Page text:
C++\DX\OpenGL is the best bet for creating video games and game engines.

Will C++ mantain its spot as the industry standard in the future?

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    \$\begingroup\$ Technology doesn't just "go away". C++ has had a significant impact on gaming technologies, and general software development. I doubt it will go anywhere, look at C for physical evidence. \$\endgroup\$ Commented Jan 12, 2013 at 6:45
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    \$\begingroup\$ Maybe should be migrated to soothsaying.SE. \$\endgroup\$ Commented Jan 12, 2013 at 7:19
  • \$\begingroup\$ Not only is it a bad question, it's a bad question that's been asked before: gamedev.stackexchange.com/questions/37361/… \$\endgroup\$
    – House
    Commented Jan 12, 2013 at 7:52
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    \$\begingroup\$ @mlvljr My little ideas :) \$\endgroup\$
    – user73830
    Commented Jan 12, 2013 at 9:30
  • \$\begingroup\$ Dupe: gamedev.stackexchange.com/questions/38011/… \$\endgroup\$ Commented Jan 12, 2013 at 10:33

2 Answers 2


First: Game Industry is moving really, really slow. It's a huge (financial sense) industry, so there are always many people against everything which is new/unknown/maybe smarter than them and/or no competitor uses it and/or no projects are known which were successful using this new stuff. some kind of catch-22.

Second: Performance matters. Way (!) more than in other development areas. So, a possible successor of C++ must be at least as fast as C++. Also, to compensate the massive amount of RAD-Tools for C++ Game development, the new thing must boost productivity as much as ruby/rails did in in the web-development world.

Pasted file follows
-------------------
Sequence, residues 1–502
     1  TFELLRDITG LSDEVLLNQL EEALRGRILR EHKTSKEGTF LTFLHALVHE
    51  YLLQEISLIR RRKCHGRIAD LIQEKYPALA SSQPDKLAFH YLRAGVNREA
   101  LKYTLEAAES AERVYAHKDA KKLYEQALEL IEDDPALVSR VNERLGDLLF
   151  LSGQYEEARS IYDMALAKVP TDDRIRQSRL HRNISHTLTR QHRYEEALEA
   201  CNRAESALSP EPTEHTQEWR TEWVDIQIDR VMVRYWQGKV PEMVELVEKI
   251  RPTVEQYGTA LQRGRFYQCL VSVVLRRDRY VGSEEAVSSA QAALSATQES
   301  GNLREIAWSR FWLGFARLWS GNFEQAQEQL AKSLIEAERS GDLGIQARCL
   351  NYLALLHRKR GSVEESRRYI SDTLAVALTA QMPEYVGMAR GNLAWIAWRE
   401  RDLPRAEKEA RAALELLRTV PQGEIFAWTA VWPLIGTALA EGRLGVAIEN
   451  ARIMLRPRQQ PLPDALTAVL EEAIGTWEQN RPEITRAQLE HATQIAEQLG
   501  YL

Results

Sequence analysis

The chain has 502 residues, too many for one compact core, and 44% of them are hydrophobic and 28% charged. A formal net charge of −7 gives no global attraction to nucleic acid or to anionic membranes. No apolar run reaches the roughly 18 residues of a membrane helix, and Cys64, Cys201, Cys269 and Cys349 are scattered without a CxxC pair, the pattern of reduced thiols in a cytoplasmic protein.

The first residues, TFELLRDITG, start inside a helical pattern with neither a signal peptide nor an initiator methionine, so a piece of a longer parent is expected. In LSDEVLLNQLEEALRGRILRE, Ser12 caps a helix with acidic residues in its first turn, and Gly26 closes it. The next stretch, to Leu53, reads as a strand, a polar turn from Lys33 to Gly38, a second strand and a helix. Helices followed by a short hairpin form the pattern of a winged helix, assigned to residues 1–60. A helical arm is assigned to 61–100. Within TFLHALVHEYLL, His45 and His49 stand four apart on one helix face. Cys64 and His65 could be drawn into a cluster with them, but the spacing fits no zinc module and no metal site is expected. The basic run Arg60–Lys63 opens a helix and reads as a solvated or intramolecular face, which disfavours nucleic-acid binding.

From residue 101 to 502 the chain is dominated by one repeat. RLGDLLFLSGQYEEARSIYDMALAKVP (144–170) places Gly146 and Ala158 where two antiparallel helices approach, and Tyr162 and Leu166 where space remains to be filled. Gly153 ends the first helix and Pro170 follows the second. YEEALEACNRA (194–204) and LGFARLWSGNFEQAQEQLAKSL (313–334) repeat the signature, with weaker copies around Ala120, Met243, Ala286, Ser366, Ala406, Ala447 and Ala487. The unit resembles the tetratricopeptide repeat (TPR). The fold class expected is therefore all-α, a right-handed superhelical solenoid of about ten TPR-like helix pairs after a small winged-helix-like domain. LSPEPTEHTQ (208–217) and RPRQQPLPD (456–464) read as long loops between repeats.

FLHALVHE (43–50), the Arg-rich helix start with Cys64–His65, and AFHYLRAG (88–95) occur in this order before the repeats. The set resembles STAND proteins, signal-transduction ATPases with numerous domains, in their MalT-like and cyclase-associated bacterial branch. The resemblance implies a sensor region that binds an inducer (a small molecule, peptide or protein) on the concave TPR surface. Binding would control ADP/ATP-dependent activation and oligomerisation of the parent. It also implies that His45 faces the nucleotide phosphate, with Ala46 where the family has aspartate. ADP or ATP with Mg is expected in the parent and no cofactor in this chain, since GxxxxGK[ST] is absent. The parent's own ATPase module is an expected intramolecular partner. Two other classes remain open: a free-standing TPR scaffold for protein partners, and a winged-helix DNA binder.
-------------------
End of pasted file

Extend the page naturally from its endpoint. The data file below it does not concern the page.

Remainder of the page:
Third: crossplatform. In the last months, Microsoft lost credit in every area. Blizzard doesn't like Windows 8. Steam moves in giant steps to Linux, in collaboration with eg.: nVidia, the new Steambox will run on top of Linux. Microsoft even started dropping development of some of their core technologies, starting with Silverlight. The amount of OS X Users increases steadily. And in the future, the biggest selling points will probably be the tablet/"smart"phone-market. In this cluttered market you have many Operation Systems and derivates to handle simultanly. C++ is quite nice for crossplatform development, since it "just" needs a compiler on/for the target system.

So: "the next big thing" is not here today. C++ just works fine. The next thing has to fulfill all the 3 points above and must be somewhat different from C++, because people don't switch just for a small gain (development/re-learning time matters, too).

  • \$\begingroup\$ C++ is really not that cross-plattform compared to other programming languages like Java. Sure, the C++ standard library runs everywhere, but to do something useful like graphics, audio or mouse input, you need to use the APIs of the operating system, which are different on each plattform. When C++ would really be that cross-plattform, we would have more AAA titles for Linux and Mac. \$\endgroup\$
    – Philipp
    Commented Jan 12, 2013 at 12:09
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    \$\begingroup\$ That's correct mostly. But the absolutely main reason for this is, that many developers use DirectX instead of openGL. Therefore they have to stick with having windows consumers only. That said, C++ is currently crossplatform enough. Time will tell what will happen. \$\endgroup\$ Commented Jan 12, 2013 at 12:47

Hell Yep, Buddy!!

(now fire up your MS VS!!)


  • \$\begingroup\$ Please make this -3 to match the question's score. Thank you :) \$\endgroup\$
    – mlvljr
    Commented Jan 12, 2013 at 15:27
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    \$\begingroup\$ Always glad to help. \$\endgroup\$ Commented Jan 12, 2013 at 16:37
  • \$\begingroup\$ @SamHocevar Thank you! Sadly, some schmuck downvoted the question to -4 now... Have you got a friend may be?.. \$\endgroup\$
    – mlvljr
    Commented Jan 12, 2013 at 16:48
  • \$\begingroup\$ And now it seems someone has tried too much :)) \$\endgroup\$
    – mlvljr
    Commented Jan 13, 2013 at 14:31

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